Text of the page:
Why you don’t need to be young to be an entrepreneur

Photo: Stuart C. Wilson/Getty Images for Westfield.

Wine gets better with age, but what about entrepreneurs?

All the media hoopla around young entrepreneurs working insane hours, sleeping under desks, and sacrificing relationships and personal hygiene for success is a well-loved cliché, and one that isn’t hugely attractive for those with established relationships and responsibilities. But does that matter? Is there really an age where starting a business is no longer viable?

Call me old-fashioned, but I don’t think so.

Evan Williams was 35 when he started Twitter and 40 when he started Medium. Mark Pincus of Zynga fame was 41 when he kicked it off, and Arianna Huffington was 54 when she started The Huffington Post. These are not fresh-faced millennials — these are people who have lived, and, more importantly, learned.

My co-founders James Moody, Sean Geoghegan and I have had our own journeys through high-performing organisations, with each of us bringing smarts and wisdom to the table. We’ve all given up big gigs to gain our autonomy and become the architects of our futures, and we’re doing it with family commitments and eight kids in tow.

In a nutshell: the experience gained from experience is enormous, and one that funnily enough, often comes with age.

Here are ways that experience can give you a competitive edge.

Being self aware

The more experience you have, the more you get to know yourself — including all your strengths and weaknesses. Knowing what you’re good at and where you need help is vital, because arrogance and ego are a bad combination and won’t get you far. It is much better to have the maturity to be humble, open-minded and empathetic.

Having a purpose that matters

Knowing yourself is also vital for understanding why you’re starting a business and commits you to solving a real problem. Your purpose is a source of energy for the long and challenging road ahead. If you don’t truly know why you’re doing it, you’re bound to run out of fuel.

Plus, starting a business to make money is always a bad idea. I would argue that more experienced entrepreneurs feel less of an urge to chase this particular pipe dream.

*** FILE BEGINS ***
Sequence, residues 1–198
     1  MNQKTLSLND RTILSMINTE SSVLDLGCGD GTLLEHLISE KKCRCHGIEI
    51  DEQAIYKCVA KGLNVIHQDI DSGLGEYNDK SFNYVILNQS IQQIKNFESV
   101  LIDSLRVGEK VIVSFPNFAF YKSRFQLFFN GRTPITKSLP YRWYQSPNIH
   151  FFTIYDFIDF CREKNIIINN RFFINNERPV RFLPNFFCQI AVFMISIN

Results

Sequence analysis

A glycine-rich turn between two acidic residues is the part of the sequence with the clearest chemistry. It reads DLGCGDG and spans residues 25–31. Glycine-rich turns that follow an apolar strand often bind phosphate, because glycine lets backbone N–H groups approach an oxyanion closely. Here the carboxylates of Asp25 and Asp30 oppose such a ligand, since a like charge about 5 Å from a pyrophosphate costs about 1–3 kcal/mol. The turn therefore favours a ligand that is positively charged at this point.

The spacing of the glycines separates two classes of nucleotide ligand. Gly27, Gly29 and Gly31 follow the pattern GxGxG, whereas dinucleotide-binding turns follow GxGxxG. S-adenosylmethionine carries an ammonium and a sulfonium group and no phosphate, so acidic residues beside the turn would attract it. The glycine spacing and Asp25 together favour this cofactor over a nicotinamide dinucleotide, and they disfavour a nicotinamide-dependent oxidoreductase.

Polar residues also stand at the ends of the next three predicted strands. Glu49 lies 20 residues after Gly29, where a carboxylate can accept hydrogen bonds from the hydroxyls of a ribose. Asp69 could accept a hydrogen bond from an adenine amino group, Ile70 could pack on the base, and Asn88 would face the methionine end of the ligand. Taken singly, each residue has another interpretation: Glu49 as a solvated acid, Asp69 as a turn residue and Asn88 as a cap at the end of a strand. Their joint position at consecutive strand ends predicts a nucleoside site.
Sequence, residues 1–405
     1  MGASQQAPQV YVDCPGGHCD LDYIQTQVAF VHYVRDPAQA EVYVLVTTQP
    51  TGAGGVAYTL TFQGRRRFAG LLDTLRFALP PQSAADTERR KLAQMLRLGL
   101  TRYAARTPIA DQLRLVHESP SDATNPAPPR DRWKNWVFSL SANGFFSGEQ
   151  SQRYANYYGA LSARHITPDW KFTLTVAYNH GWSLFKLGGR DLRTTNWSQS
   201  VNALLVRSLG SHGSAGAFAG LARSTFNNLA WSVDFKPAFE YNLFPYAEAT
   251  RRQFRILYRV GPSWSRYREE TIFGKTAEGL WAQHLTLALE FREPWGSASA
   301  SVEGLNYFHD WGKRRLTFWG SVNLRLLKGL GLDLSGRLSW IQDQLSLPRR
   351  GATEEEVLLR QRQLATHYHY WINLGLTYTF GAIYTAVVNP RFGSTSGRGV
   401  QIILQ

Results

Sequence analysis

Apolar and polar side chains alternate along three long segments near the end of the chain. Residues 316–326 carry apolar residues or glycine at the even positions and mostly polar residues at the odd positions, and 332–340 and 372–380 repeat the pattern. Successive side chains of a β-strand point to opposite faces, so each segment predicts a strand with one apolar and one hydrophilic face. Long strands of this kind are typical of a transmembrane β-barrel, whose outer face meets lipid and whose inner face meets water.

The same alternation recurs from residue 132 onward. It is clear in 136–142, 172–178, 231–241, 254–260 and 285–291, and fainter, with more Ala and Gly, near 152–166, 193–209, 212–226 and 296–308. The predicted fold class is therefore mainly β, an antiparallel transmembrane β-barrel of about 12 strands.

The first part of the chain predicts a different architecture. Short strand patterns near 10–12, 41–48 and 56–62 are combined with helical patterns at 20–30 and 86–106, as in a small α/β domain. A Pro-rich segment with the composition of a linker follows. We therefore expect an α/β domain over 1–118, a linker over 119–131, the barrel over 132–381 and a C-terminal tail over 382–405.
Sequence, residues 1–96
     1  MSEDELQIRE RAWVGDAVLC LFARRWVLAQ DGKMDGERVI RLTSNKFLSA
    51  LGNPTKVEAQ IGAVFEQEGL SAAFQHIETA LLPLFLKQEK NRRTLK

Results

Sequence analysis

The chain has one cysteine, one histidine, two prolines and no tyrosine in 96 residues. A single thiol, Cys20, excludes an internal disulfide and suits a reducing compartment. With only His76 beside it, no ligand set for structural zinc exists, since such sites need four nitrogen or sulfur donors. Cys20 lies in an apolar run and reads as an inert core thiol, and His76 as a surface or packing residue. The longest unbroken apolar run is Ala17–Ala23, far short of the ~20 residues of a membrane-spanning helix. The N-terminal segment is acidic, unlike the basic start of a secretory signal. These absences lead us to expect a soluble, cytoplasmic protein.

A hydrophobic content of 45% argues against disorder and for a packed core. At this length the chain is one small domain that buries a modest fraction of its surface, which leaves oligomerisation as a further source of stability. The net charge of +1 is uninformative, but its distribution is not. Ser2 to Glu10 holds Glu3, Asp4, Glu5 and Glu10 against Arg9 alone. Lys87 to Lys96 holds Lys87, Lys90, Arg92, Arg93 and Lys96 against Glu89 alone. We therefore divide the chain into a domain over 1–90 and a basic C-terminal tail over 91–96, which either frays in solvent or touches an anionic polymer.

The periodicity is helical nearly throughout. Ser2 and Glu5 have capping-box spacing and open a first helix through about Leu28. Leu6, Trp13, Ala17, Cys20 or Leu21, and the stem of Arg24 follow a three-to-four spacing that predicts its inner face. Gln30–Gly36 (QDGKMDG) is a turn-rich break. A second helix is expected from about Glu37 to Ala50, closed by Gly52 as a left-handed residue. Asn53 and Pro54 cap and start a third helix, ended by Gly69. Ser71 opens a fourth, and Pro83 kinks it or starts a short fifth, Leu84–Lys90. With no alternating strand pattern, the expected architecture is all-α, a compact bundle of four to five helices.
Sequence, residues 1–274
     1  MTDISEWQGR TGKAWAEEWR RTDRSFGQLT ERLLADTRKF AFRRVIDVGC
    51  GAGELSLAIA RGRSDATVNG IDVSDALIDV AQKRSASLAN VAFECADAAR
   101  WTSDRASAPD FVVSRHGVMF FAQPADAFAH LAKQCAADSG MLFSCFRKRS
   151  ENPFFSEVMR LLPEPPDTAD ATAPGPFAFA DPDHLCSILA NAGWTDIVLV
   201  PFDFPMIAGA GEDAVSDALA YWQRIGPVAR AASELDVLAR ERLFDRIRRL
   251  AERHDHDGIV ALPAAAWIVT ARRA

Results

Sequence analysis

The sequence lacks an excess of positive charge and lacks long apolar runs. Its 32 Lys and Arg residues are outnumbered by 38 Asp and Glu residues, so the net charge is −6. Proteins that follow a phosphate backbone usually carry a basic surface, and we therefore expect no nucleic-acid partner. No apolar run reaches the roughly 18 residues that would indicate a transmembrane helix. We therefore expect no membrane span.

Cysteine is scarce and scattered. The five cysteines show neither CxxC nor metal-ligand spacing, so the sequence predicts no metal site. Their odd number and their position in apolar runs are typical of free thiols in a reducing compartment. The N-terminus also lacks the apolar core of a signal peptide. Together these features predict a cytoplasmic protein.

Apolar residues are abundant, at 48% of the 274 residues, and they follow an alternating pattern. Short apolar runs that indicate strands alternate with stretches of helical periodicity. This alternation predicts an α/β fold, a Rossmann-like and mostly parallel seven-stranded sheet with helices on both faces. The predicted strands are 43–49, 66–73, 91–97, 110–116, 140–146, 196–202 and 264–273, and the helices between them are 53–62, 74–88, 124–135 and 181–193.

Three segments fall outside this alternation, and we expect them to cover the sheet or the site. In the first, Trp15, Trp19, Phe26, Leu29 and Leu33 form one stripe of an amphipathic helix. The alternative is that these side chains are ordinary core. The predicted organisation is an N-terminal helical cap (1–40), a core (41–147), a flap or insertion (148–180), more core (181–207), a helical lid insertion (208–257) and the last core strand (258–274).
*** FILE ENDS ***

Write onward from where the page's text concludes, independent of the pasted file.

Finding the right fit

Product/market fit is the only thing that turns a wacky idea into a great business. The problem is, many founders (particularly inexperienced ones) often over-value their IP and try to bend the world to their will. There’s a huge difference between ideas that change the world and ideas that need the world to change in order to work.

Being able to work with great people

When I was in my early 20s, a very successful female entrepreneur told me to always work with the best people I could find. To this day, it’s the best advice I’ve ever received.

The idea that founders have to be the smartest people in the room will stifle growth. Surrounding yourself with people that are better than you can be intimidating, but it’s also a necessary learning path.

Today, too many startups and teams are homogeneous and find it hard to challenge each other’s assumptions. At Sendle, we use five filters for selecting the people we work with. We call them the 5 Hs — Humble, Honest, Happy, Hungry and High-achieving.

You’re already a master of the subtleties of business

Soft skills, like the abilities to develop empathy, compassion and healthy relationships are refined over time. There’s nothing like wisdom to give you the insight and tools you need to create a business that customers will thank you for and clever people will want to help you with.

Our culture celebrates youth and fixates on the shiny and new. But here’s the thing: being young and successful have little to do with each other except that more young people are prepared to back themselves and have a go.

Craig Davis is the Co-Founder and CMO at Sendle.